Demo

-- interval typed value
SELECT current_timestamp - timestamp '2018-05-04 18:40' < interval '6 days'; -- works
| ?column? |
| :------- |
| f        |
--untyped string literal
SELECT current_timestamp - timestamp '2018-05-04 18:40' < '6 days'; -- works
| ?column? |
| :------- |
| f        |
-- text typed value
SELECT current_timestamp - timestamp '2018-05-04 18:40' < text '6 days'; -- fails!
ERROR:  operator does not exist: interval < text
LINE 2: ... current_timestamp - timestamp '2018-05-04 18:40' < text '6 ...
                                                             ^
HINT:  No operator matches the given name and argument type(s). You might need to add explicit type casts.
-- text typed value, with explicit cast
SELECT current_timestamp - timestamp '2018-05-04 18:40' < ('6 days'::text::interval); -- works
| ?column? |
| :------- |
| f        |

The same is true for prepared statements:

PREPARE fooplan_typed_interval(interval) AS
SELECT current_timestamp - timestamp '2018-05-04 18:40' < $1;

EXECUTE fooplan_typed_interval('6 days');
| ?column? |
| :------- |
| f        |
PREPARE fooplan_untyped AS
SELECT current_timestamp - timestamp '2018-05-04 18:40' < $1;

EXECUTE fooplan_untyped('6 days');
| ?column? |
| :------- |
| f        |
PREPARE fooplan_typed_text(text) AS
SELECT current_timestamp - timestamp '2018-05-04 18:40' < $1;

EXECUTE fooplan_typed_text('6 days');  -- only this one fails!
ERROR:  operator does not exist: interval < text
LINE 3: ...ELECT current_timestamp - timestamp '2018-05-04 18:40' < $1;
                                                                  ^
HINT:  No operator matches the given name and argument type(s). You might need to add explicit type casts.
PREPARE fooplan_typed_text(text) AS
SELECT current_timestamp - timestamp '2018-05-04 18:40' < $1::interval;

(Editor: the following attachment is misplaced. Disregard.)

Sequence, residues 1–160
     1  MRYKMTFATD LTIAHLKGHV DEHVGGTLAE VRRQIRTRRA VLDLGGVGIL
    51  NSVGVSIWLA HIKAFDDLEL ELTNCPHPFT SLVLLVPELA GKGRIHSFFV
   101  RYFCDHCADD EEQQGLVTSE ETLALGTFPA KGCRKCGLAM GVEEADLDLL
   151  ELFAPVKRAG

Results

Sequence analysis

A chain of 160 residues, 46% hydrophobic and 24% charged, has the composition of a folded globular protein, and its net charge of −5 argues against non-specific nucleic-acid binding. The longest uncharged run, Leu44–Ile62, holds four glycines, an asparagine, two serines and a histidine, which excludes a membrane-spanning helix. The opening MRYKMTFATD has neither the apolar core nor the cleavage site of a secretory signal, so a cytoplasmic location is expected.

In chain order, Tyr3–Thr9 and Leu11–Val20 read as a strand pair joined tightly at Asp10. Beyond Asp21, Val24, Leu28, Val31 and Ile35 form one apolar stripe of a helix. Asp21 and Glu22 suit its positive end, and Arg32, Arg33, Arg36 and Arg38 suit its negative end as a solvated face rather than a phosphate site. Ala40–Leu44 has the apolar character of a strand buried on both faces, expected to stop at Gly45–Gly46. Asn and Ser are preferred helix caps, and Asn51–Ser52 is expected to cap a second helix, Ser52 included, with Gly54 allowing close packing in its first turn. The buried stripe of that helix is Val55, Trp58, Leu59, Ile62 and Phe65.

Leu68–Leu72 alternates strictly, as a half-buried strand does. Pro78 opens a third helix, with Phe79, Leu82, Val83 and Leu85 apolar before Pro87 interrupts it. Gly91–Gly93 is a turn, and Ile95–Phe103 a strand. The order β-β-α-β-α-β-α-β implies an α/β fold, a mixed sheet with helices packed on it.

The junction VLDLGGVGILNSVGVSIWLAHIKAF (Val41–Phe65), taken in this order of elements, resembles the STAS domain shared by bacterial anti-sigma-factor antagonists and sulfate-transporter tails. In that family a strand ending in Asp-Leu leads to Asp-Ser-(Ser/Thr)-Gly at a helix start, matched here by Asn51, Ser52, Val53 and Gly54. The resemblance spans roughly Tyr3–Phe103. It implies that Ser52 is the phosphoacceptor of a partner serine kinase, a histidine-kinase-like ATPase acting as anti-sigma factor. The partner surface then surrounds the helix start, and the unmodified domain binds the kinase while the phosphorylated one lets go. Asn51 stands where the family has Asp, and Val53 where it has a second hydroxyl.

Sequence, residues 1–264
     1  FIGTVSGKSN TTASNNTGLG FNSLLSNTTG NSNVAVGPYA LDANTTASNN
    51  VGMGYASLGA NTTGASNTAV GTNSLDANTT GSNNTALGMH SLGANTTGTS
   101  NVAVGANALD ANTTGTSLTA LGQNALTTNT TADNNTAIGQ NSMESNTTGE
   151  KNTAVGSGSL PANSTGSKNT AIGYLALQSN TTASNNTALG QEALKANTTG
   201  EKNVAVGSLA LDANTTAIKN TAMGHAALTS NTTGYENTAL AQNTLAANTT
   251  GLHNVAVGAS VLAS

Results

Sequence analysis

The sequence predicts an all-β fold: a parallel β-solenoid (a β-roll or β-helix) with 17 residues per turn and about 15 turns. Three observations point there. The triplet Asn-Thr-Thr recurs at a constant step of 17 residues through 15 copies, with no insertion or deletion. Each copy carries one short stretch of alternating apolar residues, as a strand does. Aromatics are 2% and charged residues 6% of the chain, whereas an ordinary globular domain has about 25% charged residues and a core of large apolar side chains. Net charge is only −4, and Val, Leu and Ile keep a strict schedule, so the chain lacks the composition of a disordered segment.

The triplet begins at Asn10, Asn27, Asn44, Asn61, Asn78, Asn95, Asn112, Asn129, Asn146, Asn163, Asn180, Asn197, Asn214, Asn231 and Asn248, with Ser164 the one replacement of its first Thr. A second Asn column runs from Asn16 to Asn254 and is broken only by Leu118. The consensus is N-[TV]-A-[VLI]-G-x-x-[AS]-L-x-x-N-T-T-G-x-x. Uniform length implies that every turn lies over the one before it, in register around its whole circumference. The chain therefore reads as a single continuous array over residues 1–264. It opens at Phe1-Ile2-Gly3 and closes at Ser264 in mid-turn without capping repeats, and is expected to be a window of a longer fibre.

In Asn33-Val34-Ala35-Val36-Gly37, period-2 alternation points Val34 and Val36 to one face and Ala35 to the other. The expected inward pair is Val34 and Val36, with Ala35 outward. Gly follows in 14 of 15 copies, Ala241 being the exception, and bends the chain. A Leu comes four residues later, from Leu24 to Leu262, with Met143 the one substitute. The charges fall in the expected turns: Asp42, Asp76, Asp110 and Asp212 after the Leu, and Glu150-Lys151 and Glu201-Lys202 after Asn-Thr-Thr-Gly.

EXECUTE fooplan_typed_text('6 days');
| ?column? |
| :------- |
| f        |

db<>fiddle here

Superior query

All this aside, neither of your queries can use an index (not "sargable"). Use something like this instead!

server_pg_module:query("select name from new_table
where creation_date > localtimestamp - interval '1 day' * $1", [6])

You can multiply an interval with integer.
Or if you figure out the problem with passing typed parameters:

server_pg_module:query("select name from new_table
where creation_date > localtimestamp - $1::interval", ['6 days'])

Using localtimestamp to point out that the "current time" depends on your current time zone setting with the type timestamp. Details:

| improve this answer | |
  • Hi Erwin the "superior query" you suggested works like a charm. Your point on "sargability" is critical though, never knew that word. Many thanks for the detailed answer, especially for the sargable bit. My query could have ruined performance down the line. – Yogesch Jun 5 '18 at 8:56
  • The server module in question is github.com/SpaceTime-IoT/pgo for Erlang. Your diagnosis is correct, it has to do with typecasting, but there might be more to it than that. In Erlang, writing something within single quotes is a way of expressing an "atom", a built in datatype. So when one gives '2 days', the module handling the protocol might be getting confused. I updated the question with the error message it throws. – Yogesch Jun 5 '18 at 9:01
1

I figured out a workaround to achieve the same objective.

The approach leverages the fact that the difference of two dates is an integer; it is straightforward to cast a timestamp into a date, and integer values can be used in parametrized queries from the server to the db.

server_pg_module:query("select name from new_table where 
current_timestamp::date - timestamp::date < $1", [6])
| improve this answer | |